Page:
Team Sky outlines anti-doping strategy
After Team Sky announced their first six riders for 2010, attention inevitably shifted to the team's anti-doping stance. The new British team will be working closely with both the UCI and UK Sport whilst also providing their strict internal testing procedures. British Cycling has already adopted the UK Anti-Doping Rules, which are compliant with the World Anti-Doping Code.
"We have a clear anti-doping strategy," Dave Brailsford, the team's principal told Cyclingnews.
With Garmin-Slipstream and Columbia both spending recourses on internal testing, Sky look set to follow suit although the chances of them working with Don Catlin, the doping expert Garmin and Columbia both use as an independent tester, seem unlikely.
"It's one of the key things in team. Obviously there are things that we do here at British Cycling and we have our own blood testing protocols," Brailsford said.
"Independent testing has its merits but we have a programme that we are comfortable with. We've presented it to the UCI and they're comfortable with it too. They have recourse that we can use and we can work with them on target testing if we ever have any concerns. We'll work hand-in-hand."
Chris Froome, one of the riders who has signed told Cyclingnews that Sky's clean stance was vital in securing his signature. "To me it goes back to the moral and ethical side of riding. The whole doping side is killing the sport and the authenticity of the racing. How many times do you sit there, see a guy win a race and then see the real winner announced a few weeks later?" said Froome.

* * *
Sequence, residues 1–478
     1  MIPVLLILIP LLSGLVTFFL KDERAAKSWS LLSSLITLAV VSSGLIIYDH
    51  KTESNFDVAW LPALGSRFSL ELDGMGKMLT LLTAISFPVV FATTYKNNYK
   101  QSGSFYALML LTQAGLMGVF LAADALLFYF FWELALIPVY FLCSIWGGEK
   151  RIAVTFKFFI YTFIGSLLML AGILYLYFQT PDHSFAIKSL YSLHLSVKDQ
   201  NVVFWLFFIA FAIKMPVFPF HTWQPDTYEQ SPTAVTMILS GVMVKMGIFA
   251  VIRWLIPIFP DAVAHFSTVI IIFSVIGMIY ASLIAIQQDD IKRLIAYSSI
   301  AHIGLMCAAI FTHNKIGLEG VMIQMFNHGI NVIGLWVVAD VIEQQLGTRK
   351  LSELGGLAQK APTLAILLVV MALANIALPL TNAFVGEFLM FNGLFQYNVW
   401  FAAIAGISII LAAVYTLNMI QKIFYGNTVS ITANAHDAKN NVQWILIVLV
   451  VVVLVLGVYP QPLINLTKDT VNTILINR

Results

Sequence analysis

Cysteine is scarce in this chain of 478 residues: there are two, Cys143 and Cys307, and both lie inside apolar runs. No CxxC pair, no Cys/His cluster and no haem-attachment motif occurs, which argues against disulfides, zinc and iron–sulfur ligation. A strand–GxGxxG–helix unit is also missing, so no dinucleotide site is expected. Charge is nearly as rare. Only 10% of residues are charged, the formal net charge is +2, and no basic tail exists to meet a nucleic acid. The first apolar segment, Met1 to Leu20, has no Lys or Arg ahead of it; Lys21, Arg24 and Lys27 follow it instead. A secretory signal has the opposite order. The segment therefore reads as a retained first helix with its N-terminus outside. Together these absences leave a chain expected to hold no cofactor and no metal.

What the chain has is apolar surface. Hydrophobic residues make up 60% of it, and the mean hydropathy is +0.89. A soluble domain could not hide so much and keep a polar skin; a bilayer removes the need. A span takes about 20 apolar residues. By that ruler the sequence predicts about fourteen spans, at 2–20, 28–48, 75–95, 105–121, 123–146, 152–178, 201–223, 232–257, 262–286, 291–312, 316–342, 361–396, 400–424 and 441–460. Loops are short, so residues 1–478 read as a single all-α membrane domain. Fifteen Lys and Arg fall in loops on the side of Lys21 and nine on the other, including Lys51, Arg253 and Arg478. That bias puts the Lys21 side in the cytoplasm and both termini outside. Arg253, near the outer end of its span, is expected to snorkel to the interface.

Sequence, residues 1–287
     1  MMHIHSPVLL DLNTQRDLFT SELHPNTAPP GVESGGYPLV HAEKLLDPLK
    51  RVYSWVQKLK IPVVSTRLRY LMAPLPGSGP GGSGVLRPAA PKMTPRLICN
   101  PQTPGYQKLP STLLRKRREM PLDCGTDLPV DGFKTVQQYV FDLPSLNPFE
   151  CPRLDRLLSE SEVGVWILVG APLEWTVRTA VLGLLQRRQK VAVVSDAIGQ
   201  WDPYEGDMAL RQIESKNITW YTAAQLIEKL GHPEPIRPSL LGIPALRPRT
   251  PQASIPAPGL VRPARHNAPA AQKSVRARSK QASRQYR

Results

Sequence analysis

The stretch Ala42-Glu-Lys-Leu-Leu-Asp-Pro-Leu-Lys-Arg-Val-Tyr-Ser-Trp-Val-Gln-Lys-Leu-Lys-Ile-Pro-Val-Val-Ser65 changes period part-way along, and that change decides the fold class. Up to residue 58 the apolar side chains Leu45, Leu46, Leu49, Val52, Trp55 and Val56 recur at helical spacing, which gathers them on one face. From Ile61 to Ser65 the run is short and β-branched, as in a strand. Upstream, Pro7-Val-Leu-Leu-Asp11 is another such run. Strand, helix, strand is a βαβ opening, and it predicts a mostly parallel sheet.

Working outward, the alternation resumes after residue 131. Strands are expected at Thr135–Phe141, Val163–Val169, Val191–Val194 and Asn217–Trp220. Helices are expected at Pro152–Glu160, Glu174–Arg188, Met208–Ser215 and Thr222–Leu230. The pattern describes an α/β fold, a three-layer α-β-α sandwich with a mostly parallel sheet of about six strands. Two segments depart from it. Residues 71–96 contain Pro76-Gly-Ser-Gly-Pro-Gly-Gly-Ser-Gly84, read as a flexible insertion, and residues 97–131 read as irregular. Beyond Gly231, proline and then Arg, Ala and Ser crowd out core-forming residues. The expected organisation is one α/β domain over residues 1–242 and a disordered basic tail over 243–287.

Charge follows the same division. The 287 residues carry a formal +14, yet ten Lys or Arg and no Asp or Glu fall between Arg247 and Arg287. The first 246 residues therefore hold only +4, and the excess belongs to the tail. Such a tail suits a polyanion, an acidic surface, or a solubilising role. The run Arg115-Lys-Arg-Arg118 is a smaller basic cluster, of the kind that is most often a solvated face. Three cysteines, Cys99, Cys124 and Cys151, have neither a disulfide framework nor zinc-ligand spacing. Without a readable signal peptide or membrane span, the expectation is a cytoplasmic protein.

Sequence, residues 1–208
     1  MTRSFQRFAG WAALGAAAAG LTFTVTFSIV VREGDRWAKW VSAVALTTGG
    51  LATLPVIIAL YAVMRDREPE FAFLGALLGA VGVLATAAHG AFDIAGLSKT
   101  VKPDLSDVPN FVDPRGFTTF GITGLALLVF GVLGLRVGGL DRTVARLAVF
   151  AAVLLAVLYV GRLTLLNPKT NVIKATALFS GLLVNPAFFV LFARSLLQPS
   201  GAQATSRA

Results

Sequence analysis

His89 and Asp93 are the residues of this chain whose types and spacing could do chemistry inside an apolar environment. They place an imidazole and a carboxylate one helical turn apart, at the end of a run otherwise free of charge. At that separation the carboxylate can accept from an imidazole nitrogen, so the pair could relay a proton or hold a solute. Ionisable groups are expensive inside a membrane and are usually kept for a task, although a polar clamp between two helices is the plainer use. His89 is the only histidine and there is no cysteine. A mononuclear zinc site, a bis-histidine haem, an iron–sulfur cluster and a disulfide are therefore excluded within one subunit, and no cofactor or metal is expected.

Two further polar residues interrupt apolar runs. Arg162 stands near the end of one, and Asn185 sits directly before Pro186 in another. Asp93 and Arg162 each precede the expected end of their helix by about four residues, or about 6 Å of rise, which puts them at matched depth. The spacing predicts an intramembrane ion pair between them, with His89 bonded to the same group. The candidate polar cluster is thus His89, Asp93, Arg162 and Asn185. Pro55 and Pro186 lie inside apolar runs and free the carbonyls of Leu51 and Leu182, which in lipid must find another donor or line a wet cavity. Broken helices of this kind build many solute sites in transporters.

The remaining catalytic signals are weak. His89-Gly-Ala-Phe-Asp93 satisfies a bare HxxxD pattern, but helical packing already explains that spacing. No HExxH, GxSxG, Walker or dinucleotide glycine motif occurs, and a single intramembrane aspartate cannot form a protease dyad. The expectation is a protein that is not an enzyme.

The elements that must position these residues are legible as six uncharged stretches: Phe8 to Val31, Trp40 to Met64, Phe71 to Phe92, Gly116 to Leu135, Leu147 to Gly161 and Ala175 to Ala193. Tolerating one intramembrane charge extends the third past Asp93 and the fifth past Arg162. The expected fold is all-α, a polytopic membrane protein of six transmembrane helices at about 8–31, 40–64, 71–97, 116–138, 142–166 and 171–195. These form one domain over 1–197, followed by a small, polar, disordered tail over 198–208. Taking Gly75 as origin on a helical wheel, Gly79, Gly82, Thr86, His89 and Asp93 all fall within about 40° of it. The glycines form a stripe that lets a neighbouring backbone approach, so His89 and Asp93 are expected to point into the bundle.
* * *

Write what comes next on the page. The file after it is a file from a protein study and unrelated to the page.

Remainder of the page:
"It's hugely important that I'm with a team that has a stance against doping. From what I understand they're not picking up any riders who have a dodgy history in the sport or any reputation to have taken anything. I think they have also been thoroughly going through the biological passports and before I signed for them they looked at all my levels and fluctuations."
UCI President Pat McQuaid agreed with Brailsford, adding that in his eyes, British Cycling and Sky had the right attitude when it came to clean sport.
"There has been a lot of discussion between David and the anti-doping department at the UCI on the philosophy of the team. It's a similar to the British track team, who over the years and along with British Cycling, have been advocates of a clean sport. Any of the athletes they deal with, this philosophy is ingrained in them." McQuaid said.
Sky and the UCI have also discussed the possibility of the team being granted ProTour status next year, with McQuaid adding that the team presented to the UCI licensing commission at the tail-end of August. "It should be decided by the end of next week," McQuaid said on whether they would receive the license.
Team RadioShack and Skill-Shimano have also applied for ProTour status, with McQuaid adding that it was conceivable that all three teams could make the grade.
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